Computer Networking & Cybersecurity senior, Kevin Rode, and Computer & Digital Forensics Program Director Yogesh Khatri beat out more than 300 other teams and 1,100 players worldwide to capture the top spot in a digital forensics competition.

Capture the flag competitions are exciting and popular ways for cybersecurity and digital forensics experts to challenge themselves and keep up to date with the latest technology. In a recent competition hosted by Cellebrite—a digital intelligence company that works with law enforcement, government agencies, and businesses—players were challenged to retrieve evidence and artifacts from Android and iOS mobile phones. Mobile devices—now an essential part of our lives—have become a huge focus for digital forensics experts around the world.

Competitions like these really help new and experienced investigators alike to hone their skills, as the technologies we work with change and evolve every day.

Yogesh Khatri, Director of Computer & Digital Forensics at Champlain College

Most of the participants in the Cellebrite competition were forensics professionals with years of experience in the field, but students like Rode also competed.

“Competing in CTFs (Capture the Flags) is one of my favorite things to do—and this event was no different,” says Rode. “It is incredibly fun to be faced with a wide variety of challenges and see them get solved one by one.”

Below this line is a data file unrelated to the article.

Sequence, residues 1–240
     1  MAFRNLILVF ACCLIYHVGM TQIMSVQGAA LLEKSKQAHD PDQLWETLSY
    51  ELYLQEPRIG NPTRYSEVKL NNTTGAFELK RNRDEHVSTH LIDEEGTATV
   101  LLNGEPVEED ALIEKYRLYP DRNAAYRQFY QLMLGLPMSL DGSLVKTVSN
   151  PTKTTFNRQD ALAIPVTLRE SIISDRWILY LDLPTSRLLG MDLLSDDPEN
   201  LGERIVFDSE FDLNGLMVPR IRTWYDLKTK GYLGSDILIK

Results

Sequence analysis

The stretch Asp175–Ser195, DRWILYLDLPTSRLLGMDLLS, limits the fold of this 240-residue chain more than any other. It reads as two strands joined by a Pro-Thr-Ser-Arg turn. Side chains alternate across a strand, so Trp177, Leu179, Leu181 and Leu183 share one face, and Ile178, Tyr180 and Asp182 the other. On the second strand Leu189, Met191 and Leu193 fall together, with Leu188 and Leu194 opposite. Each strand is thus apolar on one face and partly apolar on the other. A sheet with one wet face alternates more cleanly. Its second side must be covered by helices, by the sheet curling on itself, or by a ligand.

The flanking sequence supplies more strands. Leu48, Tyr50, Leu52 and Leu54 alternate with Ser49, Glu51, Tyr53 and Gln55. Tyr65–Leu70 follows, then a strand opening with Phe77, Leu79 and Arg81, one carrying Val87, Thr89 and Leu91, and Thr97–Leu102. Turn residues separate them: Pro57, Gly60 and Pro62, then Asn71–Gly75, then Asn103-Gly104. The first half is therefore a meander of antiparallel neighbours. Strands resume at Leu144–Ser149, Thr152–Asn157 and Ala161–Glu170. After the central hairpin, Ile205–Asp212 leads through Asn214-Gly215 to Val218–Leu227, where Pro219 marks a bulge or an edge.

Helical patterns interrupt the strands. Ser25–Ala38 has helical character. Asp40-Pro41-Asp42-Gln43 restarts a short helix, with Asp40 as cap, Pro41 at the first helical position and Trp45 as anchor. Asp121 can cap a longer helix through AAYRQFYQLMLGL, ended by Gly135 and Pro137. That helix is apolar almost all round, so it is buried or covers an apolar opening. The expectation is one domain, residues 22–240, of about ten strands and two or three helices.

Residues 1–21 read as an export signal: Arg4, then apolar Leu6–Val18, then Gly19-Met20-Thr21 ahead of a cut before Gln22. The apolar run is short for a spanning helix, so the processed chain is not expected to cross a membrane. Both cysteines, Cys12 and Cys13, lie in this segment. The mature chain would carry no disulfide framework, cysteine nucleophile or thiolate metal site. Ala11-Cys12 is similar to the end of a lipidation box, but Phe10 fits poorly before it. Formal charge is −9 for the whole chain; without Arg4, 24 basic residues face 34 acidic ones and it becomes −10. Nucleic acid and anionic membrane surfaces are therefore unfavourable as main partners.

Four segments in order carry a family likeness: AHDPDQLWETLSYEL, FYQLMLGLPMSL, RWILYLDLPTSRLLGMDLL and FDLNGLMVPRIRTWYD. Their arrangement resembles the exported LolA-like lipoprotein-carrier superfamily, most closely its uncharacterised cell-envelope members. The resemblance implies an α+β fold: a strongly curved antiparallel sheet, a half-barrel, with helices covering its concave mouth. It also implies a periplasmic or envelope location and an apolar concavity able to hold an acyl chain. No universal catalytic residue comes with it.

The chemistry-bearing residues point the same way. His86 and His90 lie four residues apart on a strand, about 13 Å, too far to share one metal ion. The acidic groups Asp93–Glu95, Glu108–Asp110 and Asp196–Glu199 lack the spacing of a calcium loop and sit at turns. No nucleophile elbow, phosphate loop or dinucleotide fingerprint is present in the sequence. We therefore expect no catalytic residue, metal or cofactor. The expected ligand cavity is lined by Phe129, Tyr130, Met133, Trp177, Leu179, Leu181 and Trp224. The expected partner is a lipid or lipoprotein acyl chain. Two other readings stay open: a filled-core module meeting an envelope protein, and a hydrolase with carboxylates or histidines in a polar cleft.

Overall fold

To prepare for the event, Khatri and Rode split up the pre-analysis work, and during the competition, they discussed the challenges and coordinated their efforts over voice chat.

While Cellebrite’s Capture the Flag ran for four full days, Khatri and Rode finished their work in under seven hours on the first day and held the top spot on the leaderboard until the end of the event.

In the graph above, you can see how Rode and Khatri sprinted out of the gate and climbed quickly to capture the top spot (they’re the orange line that climbs the fastest).

On Twitter, Cellebrite announced Rode and Khatri as the winners of the competition.

“My favorite thing about the cybersecurity and digital forensic fields is that they are constantly changing,” says Rode. “There is always something new to learn and a new puzzle to solve.”

Champlain Digital Forensics and Cybersecurity students work alongside leading industry professionals and build invaluable skills starting in their first year. They’re given numerous opportunities to connect directly with industry leaders, mentors, clients, and potential employers, building meaningful relationships that can last a lifetime. Students can also choose to work in The Leahy Center, a world-class digital forensics and cybersecurity laboratory located right on campus, which services real clients in the government, non-profit, and business sectors.

Champlain students at work last year in The Leahy Center. Due to COVID-19, all Leahy Center students are now working remotely.

Interested in studying Computer & Digital Forensics, sign up to receive more information here. Want to know more about Computer Networking & Cybersecurity, check out this page. To see all of the majors in our Division of Information Technology & Sciences, click here.

Champlain Media Team

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